It takes a team: Alyssa’s journey from the streets of the DTES to a future with her son

Jul 8, 2020 | News

At 10 months old, Hazen is the centre of his mom’s universe. He is an animated and happy baby who loves going out for walks, especially if he gets to see dogs and wave at people. His main word right now is “Yeah”. He brings his mom Alyssa plenty of joy and laughter, but she also credits him with something even more profound - she says he saved her life.

A year ago, she was pregnant and homeless, living on the Downtown Eastside and sleeping on the sidewalk. She had spent the previous decade in the grips of vicious cycles of addiction, using opioids and other illicit drugs when things got bad. Alyssa’s first son, now six years old, is in care. She had a mental health breakdown when he was two and she lost him to care. That pushed her over the edge back into addiction, where she remained.

“I went through some experiences when I was younger that I internalized, and it came out that way through my addictions,” recalls Alyssa.

A few years later, afraid of what lay ahead with the birth of her second child, Alyssa went into labour on East Hastings Street. She ended up at St. Paul’s Hospital.

“When I saw my son Hazen, I realized I didn’t want to make the same mistakes. I just wanted to change,” says Alyssa. The 26-year old says, right from the start, her experience at St. Paul’s was different than with her first son’s birth. “I felt really supported, and that helped a lot. I felt like as long as I put the work in, I would get help.”

From the moment Hazen was born, Alyssa sprang into action. With the help of the St. Paul’s Maternity team, and her own intense motivation she got treatment for her addictions. She attended group and support meetings at the Three Bridges Community Health Centre, a block away from the hospital. Sometimes she went to multiple meetings a day.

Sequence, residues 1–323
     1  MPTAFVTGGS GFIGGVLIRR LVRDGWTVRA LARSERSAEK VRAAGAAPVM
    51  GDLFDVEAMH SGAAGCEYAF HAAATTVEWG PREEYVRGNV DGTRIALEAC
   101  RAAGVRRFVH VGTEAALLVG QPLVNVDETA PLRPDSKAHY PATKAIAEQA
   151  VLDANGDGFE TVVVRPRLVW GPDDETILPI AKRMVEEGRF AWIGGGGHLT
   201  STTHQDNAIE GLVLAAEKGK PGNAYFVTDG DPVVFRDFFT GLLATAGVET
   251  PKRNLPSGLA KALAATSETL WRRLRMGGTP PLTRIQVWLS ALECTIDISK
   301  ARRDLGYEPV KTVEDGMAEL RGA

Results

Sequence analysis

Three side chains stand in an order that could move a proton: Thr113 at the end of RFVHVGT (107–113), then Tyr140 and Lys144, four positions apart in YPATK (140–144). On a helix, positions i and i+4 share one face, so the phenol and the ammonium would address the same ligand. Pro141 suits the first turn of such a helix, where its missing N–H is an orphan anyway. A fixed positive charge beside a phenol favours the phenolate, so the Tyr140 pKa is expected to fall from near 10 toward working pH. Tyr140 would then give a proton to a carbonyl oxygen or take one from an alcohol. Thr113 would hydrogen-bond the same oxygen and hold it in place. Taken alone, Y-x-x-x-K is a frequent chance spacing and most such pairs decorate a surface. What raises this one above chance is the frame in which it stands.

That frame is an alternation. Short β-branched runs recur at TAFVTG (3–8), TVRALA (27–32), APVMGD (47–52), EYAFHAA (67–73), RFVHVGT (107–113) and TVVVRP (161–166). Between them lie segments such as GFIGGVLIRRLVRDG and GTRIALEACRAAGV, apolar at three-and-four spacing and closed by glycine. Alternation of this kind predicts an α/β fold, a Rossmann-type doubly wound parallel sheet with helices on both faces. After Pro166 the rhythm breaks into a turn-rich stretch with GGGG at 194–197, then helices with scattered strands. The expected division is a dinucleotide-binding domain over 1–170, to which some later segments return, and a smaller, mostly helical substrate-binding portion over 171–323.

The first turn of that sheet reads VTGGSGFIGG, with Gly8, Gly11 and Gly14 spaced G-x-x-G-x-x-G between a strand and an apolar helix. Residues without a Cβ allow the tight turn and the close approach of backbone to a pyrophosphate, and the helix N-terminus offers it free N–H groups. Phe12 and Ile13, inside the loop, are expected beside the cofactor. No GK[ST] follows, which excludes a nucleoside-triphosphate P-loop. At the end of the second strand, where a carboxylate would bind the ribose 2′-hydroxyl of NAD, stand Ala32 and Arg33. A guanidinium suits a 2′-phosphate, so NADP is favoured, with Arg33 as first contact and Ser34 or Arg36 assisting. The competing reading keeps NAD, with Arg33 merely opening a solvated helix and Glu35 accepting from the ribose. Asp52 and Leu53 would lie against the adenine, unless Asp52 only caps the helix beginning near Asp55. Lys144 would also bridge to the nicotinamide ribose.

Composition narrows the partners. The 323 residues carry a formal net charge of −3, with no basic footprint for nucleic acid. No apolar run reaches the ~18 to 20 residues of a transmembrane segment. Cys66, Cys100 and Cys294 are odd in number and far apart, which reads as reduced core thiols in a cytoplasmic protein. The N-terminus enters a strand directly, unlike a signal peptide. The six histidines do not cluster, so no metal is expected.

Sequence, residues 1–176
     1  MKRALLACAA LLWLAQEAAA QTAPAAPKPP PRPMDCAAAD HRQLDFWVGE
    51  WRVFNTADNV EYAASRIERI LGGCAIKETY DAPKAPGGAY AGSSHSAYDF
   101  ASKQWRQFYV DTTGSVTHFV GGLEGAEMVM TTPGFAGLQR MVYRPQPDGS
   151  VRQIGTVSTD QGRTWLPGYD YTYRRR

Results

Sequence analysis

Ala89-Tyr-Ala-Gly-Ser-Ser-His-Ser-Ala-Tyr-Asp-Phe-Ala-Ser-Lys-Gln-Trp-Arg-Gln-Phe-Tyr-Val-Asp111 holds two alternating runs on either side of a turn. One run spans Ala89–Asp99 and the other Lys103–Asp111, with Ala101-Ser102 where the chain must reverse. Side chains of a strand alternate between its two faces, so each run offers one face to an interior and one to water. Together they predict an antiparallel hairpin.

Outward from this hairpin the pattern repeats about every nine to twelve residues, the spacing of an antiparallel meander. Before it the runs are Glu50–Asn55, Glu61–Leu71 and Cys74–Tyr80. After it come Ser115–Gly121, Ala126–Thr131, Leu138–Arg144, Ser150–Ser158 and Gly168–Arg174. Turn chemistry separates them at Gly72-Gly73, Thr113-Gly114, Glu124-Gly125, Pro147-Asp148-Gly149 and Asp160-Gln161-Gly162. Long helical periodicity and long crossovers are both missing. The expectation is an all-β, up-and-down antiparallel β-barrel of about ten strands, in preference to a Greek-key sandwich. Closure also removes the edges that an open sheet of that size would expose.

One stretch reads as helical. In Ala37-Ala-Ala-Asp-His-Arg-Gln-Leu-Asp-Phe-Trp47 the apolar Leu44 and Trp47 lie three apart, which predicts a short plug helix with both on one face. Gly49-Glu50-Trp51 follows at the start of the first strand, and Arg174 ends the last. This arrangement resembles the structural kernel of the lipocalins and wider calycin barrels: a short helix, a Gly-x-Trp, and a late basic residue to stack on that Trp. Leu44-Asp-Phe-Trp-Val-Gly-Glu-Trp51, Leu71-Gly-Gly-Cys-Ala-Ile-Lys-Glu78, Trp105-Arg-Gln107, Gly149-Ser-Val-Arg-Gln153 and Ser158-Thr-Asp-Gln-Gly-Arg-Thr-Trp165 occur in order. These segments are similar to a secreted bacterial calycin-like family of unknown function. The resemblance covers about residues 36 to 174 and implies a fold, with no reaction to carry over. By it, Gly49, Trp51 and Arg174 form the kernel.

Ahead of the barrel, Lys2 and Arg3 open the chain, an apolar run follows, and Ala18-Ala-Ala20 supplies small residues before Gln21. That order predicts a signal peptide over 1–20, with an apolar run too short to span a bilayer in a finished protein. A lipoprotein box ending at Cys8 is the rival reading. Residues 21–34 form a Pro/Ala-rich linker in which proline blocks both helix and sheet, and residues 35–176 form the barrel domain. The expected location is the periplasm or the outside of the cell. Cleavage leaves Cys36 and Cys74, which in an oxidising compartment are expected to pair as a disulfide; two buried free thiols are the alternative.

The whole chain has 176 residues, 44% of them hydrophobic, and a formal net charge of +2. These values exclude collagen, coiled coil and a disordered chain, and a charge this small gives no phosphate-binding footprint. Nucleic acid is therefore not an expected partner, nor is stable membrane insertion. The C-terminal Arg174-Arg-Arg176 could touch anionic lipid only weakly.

Hazen was in the NICU at first, but was discharged to Alyssa’s room. She managed to be back in her hospital room every single time her son was awake. “The non-judgemental way that I received care helped a lot. I felt comfortable and safe.”

After the birth of her first son, though she wasn’t using at that time, she remembers feeling judged. Social workers came to see her, and samples of her son’s hair and urine, and her blood, were taken for drug testing.

At St. Paul’s, Alyssa and Hazen stayed on the Maternity unit for a month. The maternity team was determined to do what it could to keep mom and baby together to support Alyssa’s treatment, saying they could see how determined she was to parent. Alyssa didn’t wait for referrals. She actively found resources in the community and her own therapist, and connected with the Indigenous Health and Wellness Team.

When Alyssa left the hospital, she enrolled in a longer treatment program in the Lower Mainland that accepted her and Hazen. She recently graduated, and the pair have their own place in Vancouver. Alyssa’s first son has since been adopted, but it’s an open adoption and she has been able to reconnect with the family. She’s been getting photos and updates, and hopes to visit him soon.

Now, Alyssa is ready to think about their future. While at St. Paul’s, she started upgrading her education. She is hoping to enroll in a science course at Langara so she can pursue a career in healthcare, perhaps as a peer support worker, helping other women who are in the same situation, sharing her own lived experience. “It’s really hard when you are in that state of addiction to even access programs. You need someone to reach out to you.”

Ideally, Alyssa says she would like to return to St. Paul’s. This time, as a member of the team, and not as a patient. “I feel really proud that I have him [Hazen] still, and I feel really good about myself.”

Related Articles

Comments

Thanks for sharing this story! Truly inspirational to see patients like Alyssa make great life changes! I feel blessed to be part of the SPH team.
The smile on Hazen's face tells it all. Well done Alyssa and well done to all who never stopped believing in the possibilities.

Add new comment